Farage repeated his offer to Boris Johnson for an electoral pact with the Conservatives, which was quickly dismissed by the party. Asked how many seats the Brexit Party planned to contest, he said that there were 150 that the Conservatives “had never won” and in which his party could do better. Nominations for next month’s elections end on November 14.


But despite polling more than 13% nationally, because of the first-past-the-post system of government in the UK, which favours Britain’s two main parties, the Brexit Party would be unlikely to secure many — if any — seats in parliament.

Habib, a former Conservative donor who has been a Tory voter since 1983, told Euronews prior to the UK parliament voting in favour of a December 12 election that the Brexit Party would field candidates throughout the UK in a general election.

“We will still stand against the Tories because we don’t think [the deal] is any good, and we want to be certain that the free trade agreement doesn’t take us back into the EU by the backdoor,” he says. “We need to keep them honest.”

‘Brexit In Name Only’

If the Brexit Party does have an agenda other than the EU, says Bale, it is a classic right-wing populist mix of increased spending on healthcare and pensions coupled with rhetoric against the political class and hostility to immigration and political correctness.

Tice, speaking November 1, seemed to confirm that, outlining a mix of local vote winners — such as opposition to the HS2 high-speed rail project and support for the fisheries industry — to general policies such as free wifi on public transport and slashing business rates.


Farage has previously called for the UK to adopt proportional representation, known as PR, which provides for parties to gain seats in parliament according to the number of votes they receive. Britain’s first-past-the-post (FPTP) system favours incumbent parties, meaning that while UKIP, for example, won 3.8 million votes in 2015 - they attained just one parliamentary seat.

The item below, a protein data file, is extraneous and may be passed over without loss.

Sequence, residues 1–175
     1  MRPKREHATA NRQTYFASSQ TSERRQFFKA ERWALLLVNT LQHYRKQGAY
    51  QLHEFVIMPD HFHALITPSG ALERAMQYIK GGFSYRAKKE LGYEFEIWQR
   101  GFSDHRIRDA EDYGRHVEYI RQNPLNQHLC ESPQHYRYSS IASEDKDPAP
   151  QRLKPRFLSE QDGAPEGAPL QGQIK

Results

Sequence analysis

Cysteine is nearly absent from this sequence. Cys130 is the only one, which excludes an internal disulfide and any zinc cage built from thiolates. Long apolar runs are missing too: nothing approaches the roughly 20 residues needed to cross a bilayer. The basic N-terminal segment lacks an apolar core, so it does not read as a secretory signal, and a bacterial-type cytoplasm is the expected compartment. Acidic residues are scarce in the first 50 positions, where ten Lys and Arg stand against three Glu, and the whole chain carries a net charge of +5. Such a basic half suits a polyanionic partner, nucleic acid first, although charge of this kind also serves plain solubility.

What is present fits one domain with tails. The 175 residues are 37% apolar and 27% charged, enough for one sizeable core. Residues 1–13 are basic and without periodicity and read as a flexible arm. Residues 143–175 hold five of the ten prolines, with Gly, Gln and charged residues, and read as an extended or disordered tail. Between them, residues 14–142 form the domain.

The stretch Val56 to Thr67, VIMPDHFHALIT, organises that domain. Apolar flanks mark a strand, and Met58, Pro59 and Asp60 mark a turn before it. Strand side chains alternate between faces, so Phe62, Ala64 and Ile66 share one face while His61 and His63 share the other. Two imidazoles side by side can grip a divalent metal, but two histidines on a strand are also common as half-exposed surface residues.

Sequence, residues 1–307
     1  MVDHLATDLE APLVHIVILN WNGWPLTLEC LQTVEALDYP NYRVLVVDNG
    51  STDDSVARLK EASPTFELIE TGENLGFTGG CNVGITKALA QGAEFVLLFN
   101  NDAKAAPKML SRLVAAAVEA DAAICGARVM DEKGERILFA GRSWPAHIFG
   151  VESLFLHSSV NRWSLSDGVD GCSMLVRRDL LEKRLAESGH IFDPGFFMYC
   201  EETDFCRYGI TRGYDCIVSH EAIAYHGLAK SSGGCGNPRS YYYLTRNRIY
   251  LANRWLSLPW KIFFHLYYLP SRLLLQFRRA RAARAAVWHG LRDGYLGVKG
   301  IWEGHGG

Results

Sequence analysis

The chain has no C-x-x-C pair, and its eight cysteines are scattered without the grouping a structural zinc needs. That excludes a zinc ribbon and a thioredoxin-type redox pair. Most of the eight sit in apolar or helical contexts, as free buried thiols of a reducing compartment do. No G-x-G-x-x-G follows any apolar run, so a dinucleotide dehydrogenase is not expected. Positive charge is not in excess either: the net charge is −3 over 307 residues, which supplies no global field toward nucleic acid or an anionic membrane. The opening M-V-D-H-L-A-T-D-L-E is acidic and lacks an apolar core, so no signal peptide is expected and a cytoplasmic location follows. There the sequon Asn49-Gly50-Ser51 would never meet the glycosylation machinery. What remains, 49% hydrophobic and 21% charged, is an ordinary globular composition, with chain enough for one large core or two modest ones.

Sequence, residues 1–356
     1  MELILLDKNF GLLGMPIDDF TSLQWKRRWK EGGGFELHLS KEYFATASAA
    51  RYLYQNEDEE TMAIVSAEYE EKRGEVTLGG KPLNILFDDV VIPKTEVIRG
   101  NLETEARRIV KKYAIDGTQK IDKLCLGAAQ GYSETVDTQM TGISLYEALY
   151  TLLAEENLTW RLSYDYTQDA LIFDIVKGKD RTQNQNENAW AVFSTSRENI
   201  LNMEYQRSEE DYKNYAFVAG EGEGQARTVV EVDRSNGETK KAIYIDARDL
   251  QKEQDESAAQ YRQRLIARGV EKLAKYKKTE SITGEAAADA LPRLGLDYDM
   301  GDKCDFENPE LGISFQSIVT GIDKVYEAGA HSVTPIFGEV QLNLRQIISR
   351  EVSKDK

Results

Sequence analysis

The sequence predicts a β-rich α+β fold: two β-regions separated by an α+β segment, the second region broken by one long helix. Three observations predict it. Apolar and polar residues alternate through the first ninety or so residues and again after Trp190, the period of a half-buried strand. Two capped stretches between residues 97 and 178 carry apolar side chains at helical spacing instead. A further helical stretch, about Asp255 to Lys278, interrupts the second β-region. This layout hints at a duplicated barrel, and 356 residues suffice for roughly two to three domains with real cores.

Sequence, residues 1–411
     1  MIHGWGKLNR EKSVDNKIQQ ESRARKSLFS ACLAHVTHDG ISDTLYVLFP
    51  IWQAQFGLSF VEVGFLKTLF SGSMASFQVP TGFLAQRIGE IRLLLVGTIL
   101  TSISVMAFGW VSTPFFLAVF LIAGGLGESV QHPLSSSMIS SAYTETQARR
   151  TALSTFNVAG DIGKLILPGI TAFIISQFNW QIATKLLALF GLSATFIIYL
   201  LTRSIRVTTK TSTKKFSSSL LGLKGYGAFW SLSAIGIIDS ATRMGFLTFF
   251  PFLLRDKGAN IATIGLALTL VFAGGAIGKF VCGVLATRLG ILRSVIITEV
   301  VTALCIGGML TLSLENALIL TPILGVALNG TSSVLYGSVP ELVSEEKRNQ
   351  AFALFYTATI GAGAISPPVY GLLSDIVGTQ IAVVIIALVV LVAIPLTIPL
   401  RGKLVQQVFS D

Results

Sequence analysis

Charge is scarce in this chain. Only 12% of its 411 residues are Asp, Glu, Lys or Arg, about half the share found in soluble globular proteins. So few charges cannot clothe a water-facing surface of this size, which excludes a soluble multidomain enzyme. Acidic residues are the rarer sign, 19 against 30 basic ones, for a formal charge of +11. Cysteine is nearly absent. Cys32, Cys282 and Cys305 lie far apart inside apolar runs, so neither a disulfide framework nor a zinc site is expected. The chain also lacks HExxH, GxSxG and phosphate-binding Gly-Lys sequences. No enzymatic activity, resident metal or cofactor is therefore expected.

But while the Greens, the Liberal Democrats and the Scottish National Party all favour PR over ‘FPTP’, many look at the chaotic and unstable coalition governments of countries like Italy and Spain — which both have PR — as evidence to the contrary. Even within Farage’s own party, PR has its opponents: Habib among them. “I’m not in favour of it,” he tells Euronews.

Even if the Brexit Party is kept out of the British parliament, its MEPs will continue to sit in the European parliament until the UK actually leaves the EU, likely to be January 31, 2020. For services rendered, they receive a salary of €6,824,85-a-month after tax (plus €4,500 expenses).

If Britain leaves the UK later than July 2020, the new intake will be entitled to six months salary as a “transitional bonus” - to ease their transition back into normal life.

Outside of parliament, Brexit Party MEPs are not exactly hard up, with Transparency International recently revealing that they collectively declared outside earnings of between €2m and €4.5m per year. The highest earner in the EU parliament was none other than Habib, who makes around €960,000 per year as an executive at First Property Group.


'Taxi for the Brexit Party'

Habib’s tweet on the taxi incident in Strasbourg got 1,000 likes and 250 retweets and led to a series of very hostile comments about the British MEP involved, Julie Ward.

For her part, Ward has a very different memory of the affair in Strasbourg. Her spokesperson said Ward’s pre-booked parliamentary vehicle was at the back of a line of cars and, when approached by Habib, she simply pointed him to a car at the front of the queue.

She was aware not only that the car had space, but - perhaps as an unintentional metaphor - it was leaving sooner.

Share this articleComments

You might also like

Brexit Party 'a disgrace' says UK MEP after final Strasbourg sitting

What do Europeans think of the never-ending Brexit saga?

How is Nigel Farage's Brexit Party winning the social media battle?